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Wednesday, July 27, 2011

Was that a blimp? Goodies from my trip to Akron.

I traveled up to Akron to visit my friend Kelly about a month ago but it has been so blasted hot in Columbus that I just could not drag the table and goodies out into the blast furnace heat to take pictures. 
But wait, there is more after the jump- stuff that wouldn't fit in the group picture!

I've made a couple of attempts to get everything into one shot but this triple cone floor lamp is so tall it leaves me with too much clutter in the "negative space" (remember, I used to work at an arts center).

My friend Kelly found this lamp sitting out for the trash and rescued it, only to find that it did not work (guess that explains the trash).  She could not bring herself to toss it so she gave it to me.  I have a triple globe floor lamp that I bought a few years ago that has snapped off at the base; I am hoping to transfer the wiring to bring the triple cone lamp  back to life.  It will need a few other repairs, as well, such as the brass has been polished off of some of the top of the pole, the white base is scratched as are the cones.  I may just spray the pole and base black and respray the cones

But what's on the table Mr. Bopfish, some of it looks cool and I can't see what some of it is because of your terrible photograph (I hear ya'.  I made two separate attempts to get a decent image but kept getting white glare and a slightly out of focus image- I blame the heat and humidity)

In the front from left to right.
A "blue Points" dinner plate (I actually got a partial set the day before I traveled to Akron)

In the center is an Ekco Eterna spoon, I think it's for sugar, that looks like a shovel (I've started picking up random silverware if it looks cool or is made in europe).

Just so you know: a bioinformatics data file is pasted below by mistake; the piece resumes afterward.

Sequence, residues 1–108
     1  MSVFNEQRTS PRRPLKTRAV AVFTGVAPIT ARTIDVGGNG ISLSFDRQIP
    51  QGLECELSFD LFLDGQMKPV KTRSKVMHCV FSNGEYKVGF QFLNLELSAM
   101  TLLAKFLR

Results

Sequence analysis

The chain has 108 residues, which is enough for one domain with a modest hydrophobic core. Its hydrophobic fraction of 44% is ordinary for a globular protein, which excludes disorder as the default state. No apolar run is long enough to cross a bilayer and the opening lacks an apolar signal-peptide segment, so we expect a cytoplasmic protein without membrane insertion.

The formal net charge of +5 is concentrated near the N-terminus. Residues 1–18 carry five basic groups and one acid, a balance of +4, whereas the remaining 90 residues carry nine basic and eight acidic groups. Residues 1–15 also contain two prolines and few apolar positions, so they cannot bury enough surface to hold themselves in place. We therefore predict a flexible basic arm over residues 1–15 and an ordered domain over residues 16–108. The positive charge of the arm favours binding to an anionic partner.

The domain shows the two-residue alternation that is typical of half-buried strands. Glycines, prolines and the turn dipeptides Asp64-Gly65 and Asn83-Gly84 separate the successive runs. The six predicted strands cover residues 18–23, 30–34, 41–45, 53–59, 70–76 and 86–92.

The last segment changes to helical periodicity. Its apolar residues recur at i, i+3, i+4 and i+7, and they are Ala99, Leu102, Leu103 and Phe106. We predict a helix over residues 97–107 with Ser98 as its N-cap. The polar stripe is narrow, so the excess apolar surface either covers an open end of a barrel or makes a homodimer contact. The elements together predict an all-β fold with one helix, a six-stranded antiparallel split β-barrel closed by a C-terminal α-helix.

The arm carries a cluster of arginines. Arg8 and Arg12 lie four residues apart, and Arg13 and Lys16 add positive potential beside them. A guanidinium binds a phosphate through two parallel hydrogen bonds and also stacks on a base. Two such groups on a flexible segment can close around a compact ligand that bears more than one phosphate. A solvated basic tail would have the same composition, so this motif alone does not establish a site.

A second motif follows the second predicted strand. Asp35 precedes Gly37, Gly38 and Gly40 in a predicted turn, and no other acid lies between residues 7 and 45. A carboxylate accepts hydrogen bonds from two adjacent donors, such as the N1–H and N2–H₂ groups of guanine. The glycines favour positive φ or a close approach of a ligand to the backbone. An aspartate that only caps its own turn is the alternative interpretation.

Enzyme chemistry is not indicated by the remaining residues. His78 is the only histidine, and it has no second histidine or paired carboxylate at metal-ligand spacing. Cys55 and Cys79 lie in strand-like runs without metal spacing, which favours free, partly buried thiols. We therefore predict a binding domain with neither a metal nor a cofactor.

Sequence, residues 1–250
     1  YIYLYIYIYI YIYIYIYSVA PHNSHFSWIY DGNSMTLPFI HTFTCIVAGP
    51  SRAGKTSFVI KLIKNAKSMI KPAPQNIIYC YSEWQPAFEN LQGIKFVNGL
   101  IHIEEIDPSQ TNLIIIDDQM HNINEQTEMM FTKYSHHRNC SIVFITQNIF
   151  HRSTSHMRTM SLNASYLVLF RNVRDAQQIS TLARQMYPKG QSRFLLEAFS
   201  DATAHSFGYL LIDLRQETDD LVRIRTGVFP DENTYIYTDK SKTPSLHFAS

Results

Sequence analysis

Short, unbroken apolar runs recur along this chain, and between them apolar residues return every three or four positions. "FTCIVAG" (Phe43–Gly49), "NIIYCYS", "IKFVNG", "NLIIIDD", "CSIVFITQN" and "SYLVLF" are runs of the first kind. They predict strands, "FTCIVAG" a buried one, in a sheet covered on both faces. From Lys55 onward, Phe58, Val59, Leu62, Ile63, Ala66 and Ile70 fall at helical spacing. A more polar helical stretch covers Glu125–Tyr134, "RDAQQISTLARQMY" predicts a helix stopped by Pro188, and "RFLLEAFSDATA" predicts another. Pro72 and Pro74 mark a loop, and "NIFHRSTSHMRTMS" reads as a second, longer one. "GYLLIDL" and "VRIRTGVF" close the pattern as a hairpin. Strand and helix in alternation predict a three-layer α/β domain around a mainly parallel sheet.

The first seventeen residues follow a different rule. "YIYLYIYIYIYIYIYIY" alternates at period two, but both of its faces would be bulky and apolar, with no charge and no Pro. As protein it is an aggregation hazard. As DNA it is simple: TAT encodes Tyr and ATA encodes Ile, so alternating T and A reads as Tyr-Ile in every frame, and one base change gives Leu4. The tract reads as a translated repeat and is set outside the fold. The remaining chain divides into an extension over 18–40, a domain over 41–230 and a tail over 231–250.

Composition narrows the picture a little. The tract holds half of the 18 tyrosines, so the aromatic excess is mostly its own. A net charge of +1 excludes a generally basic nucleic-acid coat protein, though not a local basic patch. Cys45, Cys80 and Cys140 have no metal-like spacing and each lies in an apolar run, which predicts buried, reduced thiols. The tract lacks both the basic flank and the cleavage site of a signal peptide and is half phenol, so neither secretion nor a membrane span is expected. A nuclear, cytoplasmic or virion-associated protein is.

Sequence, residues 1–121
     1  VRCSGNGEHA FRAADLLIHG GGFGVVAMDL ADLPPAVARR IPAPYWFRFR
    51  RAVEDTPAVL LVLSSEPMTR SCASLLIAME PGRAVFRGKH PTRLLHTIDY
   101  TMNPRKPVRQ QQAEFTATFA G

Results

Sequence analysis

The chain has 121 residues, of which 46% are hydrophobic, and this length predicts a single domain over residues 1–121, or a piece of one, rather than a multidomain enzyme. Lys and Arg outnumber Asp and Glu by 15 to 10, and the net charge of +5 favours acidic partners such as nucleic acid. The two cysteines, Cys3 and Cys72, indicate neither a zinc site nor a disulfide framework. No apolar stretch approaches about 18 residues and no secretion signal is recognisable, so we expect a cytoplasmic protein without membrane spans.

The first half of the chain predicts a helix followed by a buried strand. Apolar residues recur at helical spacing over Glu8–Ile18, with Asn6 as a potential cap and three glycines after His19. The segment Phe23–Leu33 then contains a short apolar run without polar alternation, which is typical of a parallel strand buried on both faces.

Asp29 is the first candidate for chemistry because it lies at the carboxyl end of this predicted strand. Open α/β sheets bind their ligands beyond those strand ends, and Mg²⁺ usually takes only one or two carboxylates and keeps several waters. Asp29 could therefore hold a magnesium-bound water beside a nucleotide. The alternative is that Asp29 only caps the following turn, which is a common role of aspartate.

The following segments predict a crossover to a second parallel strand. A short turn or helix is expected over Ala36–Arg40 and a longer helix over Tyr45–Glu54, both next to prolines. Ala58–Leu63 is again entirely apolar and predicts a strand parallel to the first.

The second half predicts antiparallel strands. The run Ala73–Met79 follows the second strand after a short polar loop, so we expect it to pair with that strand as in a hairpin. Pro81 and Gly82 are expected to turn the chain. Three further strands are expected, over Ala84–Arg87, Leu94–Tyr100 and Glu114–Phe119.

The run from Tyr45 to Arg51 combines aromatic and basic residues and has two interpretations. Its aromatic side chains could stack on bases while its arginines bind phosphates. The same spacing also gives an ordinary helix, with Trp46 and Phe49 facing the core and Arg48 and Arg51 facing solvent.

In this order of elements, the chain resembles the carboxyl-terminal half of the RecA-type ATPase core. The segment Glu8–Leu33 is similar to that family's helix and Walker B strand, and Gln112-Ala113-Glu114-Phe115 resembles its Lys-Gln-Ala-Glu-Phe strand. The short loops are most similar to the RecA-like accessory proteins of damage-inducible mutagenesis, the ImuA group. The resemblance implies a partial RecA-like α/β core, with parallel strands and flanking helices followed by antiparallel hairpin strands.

Next is a Royal China "Star Glow" dinner plate.  I have 5 or 6 pieces in this pattern even though I personally don't care for it (looks more like a snowflake than a star) but I plan to open an Etsy store and I know this pattern has it's fans.
Last in the front, on the Wright (get it,  I kill me sometimes), is a Russel Wright for Steubenville bread Plate (It was a dollar)
Arcing across the back, from the left.
I kinda went nuts at one resale stores salt and pepper section because they were all priced at one dollar.  A pair of walnut or maybe teak rectangular salt and peppers.  There is no maker on them.
A nice Mar Crest Melmac divided bowl in white.  Kelly talked me into this, I usually go for the coloured melamine ware but I didn't have a serving bowl like this.
I call these my "chrome weeble wobble salt and peppers", and they really do wobble but they won't fall down.  Hey, you can see the camera and I.
to use them you take off the tops, which are actually metal and not plastic.
They are by a japanese company but I don't recognize the logo- anyone know?
Pretty much in the back center is this decent sized McCoy planter/ pot.  I probably would have passed on this since it's a pretty common style but the price was just too good.

Next is a cute little pair of Norwegian teak and stainless steel salt and peppers.  This is pretty much what I think of when I think about what a Scandinavian s&p set should look like (I think about this a lot-HA!).

Second to last on the table is a flip clock radio by DYN.  I have a collection of flip clocks but I usually skip the clock radios because they are pretty common.  I bought this one because it looks like it should be on Alpha Moonbase in Space 1999 (and it was cheap).
I saved my favorite for next to last.  Yeah, the bowling ball and bowling pin salt and pepper shaker set.  I was going to pass on all the s&p sets until I spotted these babies- you could say they got the ball rolling  or that I found them striking so I had to pick up some spares (thank you, thank you; I'll be here all week).
One last item that is not in the group photo.  This nice textured, two- tier, fiberglass shade was on a cheap french renaissance looking lamp that has been broken and poorly glued back together.  I brought the lamp to the counter and asked if I could just buy the shade (no), paid ($12), then un-screwed the finial, took off the shade and said "you can keep the lamp" and split.  As Kelly and I were sitting in the back parking lot, I saw an employee toss the lamp in the dumpster.
All told, a tidy little haul of mostly small items; next time I go I will document some of the stores and some cool architecture to be found in the "Rubber City".

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